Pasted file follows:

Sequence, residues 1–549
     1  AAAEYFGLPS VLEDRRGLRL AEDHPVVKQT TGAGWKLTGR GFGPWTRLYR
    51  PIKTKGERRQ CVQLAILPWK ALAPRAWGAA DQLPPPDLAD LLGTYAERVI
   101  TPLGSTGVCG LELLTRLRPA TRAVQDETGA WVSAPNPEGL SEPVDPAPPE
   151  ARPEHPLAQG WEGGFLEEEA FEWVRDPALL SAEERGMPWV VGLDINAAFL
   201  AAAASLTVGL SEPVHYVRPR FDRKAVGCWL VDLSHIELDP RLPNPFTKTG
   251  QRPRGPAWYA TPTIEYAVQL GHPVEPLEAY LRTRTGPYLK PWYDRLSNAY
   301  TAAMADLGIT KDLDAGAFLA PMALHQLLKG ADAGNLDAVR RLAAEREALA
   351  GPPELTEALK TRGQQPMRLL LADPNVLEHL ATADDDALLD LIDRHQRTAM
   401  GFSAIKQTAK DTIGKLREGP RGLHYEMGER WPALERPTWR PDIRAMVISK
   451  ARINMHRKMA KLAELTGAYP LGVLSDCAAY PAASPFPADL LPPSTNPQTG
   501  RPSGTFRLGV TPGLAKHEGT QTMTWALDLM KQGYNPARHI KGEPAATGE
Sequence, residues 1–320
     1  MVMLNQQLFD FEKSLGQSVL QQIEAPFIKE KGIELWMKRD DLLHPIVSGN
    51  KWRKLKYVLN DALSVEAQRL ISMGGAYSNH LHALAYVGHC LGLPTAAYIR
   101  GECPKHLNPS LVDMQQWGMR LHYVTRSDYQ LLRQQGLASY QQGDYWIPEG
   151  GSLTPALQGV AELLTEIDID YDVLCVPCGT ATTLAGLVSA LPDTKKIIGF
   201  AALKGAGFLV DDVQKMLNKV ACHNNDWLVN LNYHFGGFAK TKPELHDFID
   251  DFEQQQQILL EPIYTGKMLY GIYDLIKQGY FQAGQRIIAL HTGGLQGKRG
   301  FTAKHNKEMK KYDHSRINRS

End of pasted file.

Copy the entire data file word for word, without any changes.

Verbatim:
Sequence, residues 1–549
     1  AAAEYFGLPS VLEDRRGLRL AEDHPVVKQT TGAGWKLTGR GFGPWTRLYR
    51  PIKTKGERRQ CVQLAILPWK ALAPRAWGAA DQLPPPDLAD LLGTYAERVI
   101  TPLGSTGVCG LELLTRLRPA TRAVQDETGA WVSAPNPEGL SEPVDPAPPE
   151  ARPEHPLAQG WEGGFLEEEA FEWVRDPALL SAEERGMPWV VGLDINAAFL
   201  AAAASLTVGL SEPVHYVRPR FDRKAVGCWL VDLSHIELDP RLPNPFTKTG
   251  QRPRGPAWYA TPTIEYAVQL GHPVEPLEAY LRTRTGPYLK PWYDRLSNAY
   301  TAAMADLGIT KDLDAGAFLA PMALHQLLKG ADAGNLDAVR RLAAEREALA
   351  GPPELTEALK TRGQQPMRLL LADPNVLEHL ATADDDALLD LIDRHQRTAM
   401  GFSAIKQTAK DTIGKLREGP RGLHYEMGER WPALERPTWR PDIRAMVISK
   451  ARINMHRKMA KLAELTGAYP LGVLSDCAAY PAASPFPADL LPPSTNPQTG
   501  RPSGTFRLGV TPGLAKHEGT QTMTWALDLM KQGYNPARHI KGEPAATGE
Sequence, residues 1–320
     1  MVMLNQQLFD FEKSLGQSVL QQIEAPFIKE KGIELWMKRD DLLHPIVSGN
    51  KWRKLKYVLN DALSVEAQRL ISMGGAYSNH LHALAYVGHC LGLPTAAYIR
   101  GECPKHLNPS LVDMQQWGMR LHYVTRSDYQ LLRQQGLASY QQGDYWIPEG
   151  GSLTPALQGV AELLTEIDID YDVLCVPCGT ATTLAGLVSA LPDTKKIIGF
   201  AALKGAGFLV DDVQKMLNKV ACHNNDWLVN LNYHFGGFAK TKPELHDFID
   251  DFEQQQQILL EPIYTGKMLY GIYDLIKQGY FQAGQRIIAL HTGGLQGKRG
   301  FTAKHNKEMK KYDHSRINRS